Finance Ministry asks PSU banks to review their gold loan portfolio

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The Finance Ministry has asked all state-owned banks to review their gold loan portfolio after instances of non-compliance with regulatory norms were noticed by the government. The Department of Financial Services (DFS), which is part of the Finance Ministry, wrote to the heads of public sector banks and asked them to look at their system and processes related to gold loans.

DFS had first issued a letter on February 27 and all state-run banks were to review every gold loan account issued after January 1, 2022. The DFS wanted the banks to assess the collateral value of the gold loan accounts, analyse collection charges, and check if there has been any evergreening.

“We have asked banks to undertake comprehensive review of the gold loan business,” Financial Services Secretary Vivek Joshi told news agency PTI.

The circular was issued on the back of a rise in gold loans on a year-on-year basis. There was a 17% rise in gold loans vis-a-vis 16.6% rally in the yellow metal’s prices. Loans against gold jewellery stood at Rs 1.01 lakh crore as of January 26. The Finance Ministry has clarified that it had noticed instances of non-compliance regarding the gold loan portfolio and hence issued the directive.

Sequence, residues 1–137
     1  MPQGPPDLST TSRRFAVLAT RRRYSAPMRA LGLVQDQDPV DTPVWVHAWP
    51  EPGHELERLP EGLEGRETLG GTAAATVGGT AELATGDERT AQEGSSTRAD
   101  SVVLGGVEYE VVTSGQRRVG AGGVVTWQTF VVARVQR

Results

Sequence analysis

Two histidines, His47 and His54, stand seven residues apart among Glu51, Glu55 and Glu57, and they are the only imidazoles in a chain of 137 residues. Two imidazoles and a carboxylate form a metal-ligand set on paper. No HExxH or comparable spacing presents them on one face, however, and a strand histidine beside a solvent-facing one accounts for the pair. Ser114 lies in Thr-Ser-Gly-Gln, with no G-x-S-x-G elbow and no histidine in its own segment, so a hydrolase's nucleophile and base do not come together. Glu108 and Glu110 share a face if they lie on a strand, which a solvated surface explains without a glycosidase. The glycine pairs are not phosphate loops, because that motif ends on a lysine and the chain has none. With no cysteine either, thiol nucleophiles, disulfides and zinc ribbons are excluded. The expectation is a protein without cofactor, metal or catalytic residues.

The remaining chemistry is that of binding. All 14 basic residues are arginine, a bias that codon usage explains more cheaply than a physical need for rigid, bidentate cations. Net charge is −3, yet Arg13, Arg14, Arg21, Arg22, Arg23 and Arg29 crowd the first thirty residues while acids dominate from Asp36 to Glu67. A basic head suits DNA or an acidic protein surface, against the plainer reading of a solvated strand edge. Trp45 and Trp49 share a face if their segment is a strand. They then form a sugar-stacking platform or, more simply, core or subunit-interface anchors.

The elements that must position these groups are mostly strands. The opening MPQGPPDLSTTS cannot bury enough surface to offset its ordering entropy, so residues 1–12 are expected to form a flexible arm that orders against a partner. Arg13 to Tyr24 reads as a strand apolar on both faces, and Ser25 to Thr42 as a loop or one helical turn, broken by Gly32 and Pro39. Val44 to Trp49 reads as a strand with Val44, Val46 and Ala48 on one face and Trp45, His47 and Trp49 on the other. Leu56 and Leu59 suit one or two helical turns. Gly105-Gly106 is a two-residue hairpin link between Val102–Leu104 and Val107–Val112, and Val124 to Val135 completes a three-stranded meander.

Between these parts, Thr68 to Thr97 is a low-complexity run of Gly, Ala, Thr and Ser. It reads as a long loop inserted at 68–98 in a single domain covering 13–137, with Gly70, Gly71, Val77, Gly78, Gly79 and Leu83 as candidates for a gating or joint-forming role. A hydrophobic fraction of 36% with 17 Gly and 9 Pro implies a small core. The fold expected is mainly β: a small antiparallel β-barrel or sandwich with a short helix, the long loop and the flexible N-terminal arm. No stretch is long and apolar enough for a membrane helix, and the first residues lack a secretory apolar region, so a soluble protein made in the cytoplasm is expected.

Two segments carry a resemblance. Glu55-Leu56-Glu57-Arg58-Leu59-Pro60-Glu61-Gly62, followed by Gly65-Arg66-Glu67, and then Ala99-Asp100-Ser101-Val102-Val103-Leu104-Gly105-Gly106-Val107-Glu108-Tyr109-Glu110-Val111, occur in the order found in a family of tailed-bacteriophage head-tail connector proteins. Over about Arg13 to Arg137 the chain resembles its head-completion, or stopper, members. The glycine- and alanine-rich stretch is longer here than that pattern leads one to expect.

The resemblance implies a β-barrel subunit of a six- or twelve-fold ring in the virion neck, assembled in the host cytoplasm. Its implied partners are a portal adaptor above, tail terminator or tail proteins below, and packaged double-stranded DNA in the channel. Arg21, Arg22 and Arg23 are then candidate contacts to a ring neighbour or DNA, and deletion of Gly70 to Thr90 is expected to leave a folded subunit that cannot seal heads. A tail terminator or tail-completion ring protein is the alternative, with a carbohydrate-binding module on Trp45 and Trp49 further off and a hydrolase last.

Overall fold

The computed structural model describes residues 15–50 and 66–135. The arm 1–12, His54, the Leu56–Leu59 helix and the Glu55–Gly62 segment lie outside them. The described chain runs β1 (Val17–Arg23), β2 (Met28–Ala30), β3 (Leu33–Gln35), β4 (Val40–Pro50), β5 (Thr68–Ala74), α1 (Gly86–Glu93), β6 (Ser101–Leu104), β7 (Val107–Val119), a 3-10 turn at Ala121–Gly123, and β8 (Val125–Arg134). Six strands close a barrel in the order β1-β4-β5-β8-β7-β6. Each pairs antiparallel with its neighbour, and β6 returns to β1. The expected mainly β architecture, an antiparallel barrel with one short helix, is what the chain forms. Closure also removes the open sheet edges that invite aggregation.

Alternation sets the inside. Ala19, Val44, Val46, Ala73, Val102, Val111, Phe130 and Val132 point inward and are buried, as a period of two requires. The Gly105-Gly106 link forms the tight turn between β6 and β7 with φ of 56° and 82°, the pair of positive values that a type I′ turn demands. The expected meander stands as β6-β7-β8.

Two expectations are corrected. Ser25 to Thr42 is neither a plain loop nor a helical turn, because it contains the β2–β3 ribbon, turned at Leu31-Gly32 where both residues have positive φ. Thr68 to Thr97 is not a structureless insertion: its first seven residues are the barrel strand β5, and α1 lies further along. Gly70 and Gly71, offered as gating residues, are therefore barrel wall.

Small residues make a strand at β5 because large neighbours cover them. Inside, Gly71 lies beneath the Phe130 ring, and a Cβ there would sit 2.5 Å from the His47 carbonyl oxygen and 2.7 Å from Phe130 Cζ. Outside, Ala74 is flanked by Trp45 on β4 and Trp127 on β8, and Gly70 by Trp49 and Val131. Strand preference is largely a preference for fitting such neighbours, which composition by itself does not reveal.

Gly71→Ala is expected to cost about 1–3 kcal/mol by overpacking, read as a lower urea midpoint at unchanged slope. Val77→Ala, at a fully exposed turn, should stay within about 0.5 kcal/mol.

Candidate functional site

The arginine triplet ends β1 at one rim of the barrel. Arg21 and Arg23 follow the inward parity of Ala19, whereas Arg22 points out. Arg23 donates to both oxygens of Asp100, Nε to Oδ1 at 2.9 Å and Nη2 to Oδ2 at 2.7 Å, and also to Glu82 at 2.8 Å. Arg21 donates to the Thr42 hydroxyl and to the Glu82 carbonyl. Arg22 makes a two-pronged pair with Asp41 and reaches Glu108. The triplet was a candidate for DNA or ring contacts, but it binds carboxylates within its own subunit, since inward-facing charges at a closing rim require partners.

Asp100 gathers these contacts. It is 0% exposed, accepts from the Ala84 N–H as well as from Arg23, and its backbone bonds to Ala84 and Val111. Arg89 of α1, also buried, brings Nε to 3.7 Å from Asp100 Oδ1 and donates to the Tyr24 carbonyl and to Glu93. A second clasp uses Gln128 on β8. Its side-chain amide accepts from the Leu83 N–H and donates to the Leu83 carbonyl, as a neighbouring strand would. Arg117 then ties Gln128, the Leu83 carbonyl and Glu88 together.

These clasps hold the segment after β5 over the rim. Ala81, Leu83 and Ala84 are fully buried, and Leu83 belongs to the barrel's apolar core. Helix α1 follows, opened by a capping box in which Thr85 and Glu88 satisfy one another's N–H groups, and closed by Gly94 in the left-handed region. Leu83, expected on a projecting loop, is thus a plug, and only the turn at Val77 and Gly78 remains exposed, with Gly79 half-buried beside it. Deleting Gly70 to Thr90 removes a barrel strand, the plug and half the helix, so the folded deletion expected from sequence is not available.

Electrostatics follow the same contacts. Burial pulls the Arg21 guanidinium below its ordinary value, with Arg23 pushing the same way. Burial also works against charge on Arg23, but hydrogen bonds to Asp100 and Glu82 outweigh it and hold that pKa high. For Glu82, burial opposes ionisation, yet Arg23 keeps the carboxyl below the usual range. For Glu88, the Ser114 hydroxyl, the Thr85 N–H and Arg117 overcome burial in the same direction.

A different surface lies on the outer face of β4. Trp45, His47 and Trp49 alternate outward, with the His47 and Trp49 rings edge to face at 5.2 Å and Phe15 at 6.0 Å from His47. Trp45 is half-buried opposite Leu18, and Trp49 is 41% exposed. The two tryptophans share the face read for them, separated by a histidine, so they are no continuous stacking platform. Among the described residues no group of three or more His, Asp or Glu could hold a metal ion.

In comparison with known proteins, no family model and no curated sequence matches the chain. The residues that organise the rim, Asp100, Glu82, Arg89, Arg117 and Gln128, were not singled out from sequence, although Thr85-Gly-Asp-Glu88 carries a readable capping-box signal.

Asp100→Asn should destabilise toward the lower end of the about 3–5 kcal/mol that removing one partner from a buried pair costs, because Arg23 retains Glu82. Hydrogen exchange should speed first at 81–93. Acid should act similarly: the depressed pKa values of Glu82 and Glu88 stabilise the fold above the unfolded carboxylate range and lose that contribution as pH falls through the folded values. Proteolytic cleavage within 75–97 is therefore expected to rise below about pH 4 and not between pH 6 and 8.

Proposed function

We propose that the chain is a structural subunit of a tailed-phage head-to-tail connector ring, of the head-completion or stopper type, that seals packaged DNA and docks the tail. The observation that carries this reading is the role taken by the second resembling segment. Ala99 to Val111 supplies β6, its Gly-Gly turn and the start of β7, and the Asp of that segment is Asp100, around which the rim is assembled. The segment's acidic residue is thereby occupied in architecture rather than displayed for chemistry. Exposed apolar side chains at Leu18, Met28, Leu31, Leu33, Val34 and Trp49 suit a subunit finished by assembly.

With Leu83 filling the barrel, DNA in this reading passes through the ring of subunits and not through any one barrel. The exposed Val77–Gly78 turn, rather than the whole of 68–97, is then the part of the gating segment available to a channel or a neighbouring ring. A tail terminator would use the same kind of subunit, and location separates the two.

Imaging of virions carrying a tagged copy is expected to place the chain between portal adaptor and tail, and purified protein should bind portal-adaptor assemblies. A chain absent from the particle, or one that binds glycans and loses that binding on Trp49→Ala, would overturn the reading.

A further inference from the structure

The country’s biggest lender, State Bank of India (SBI) alone has a gold loan portfolio of Rs 30,881 crore as of December 2023.
Punjab National Bank’s gold loan exposure stood at Rs 5,315 crore while Bank of Baroda was at Rs 3,682 crore at the end of third quarter.
As per the RBI norms, banks or gold loan finance firms can provide only 75 per cent of the value of the jewellery. However, relaxation was provided during the COVID-19 period to mitigate hardship.

Last week, the Reserve Bank of India imposed curbs on IIFL Finance Ltd to stop sanctioning or disbursing gold loans or assigning, securitising, or selling any of its gold loans. IIFL, however, was allowed to continue to serve its existing gold loan portfolio through the usual collection and recovery processes, the RBI said in its order.

RBI said in its recent audit it found gold loan-to-value ratio deviation in 67 per cent of the gold loan account at IIFL Finance. Of the 18.9 lakh gold loans extended by IIFL in FY23, 82,000 accounts have gone for auction due to default by the borrowers. Of these 82,000 accounts, RBI inspection has found deviation in 55,000 accounts at the time of auctions.

RBI has also asked IIFL to cap its cash disbursements at Rs 20,000 against the earlier practice of disbursing up to Rs 2 lakh. In reply, IIFL said it will comply with the statutory limit once the freeze on the gold loan business is removed.

According to a report by Motilal Oswal, while the ban’s impact on IIFL Finance’s financials remains contingent on its duration, the company emphasizes its commitment to addressing the RBI’s concerns and restoring operational normalcy. However, risks loom large, including a potential erosion of the gold loan portfolio and employee attrition if the ban persists.

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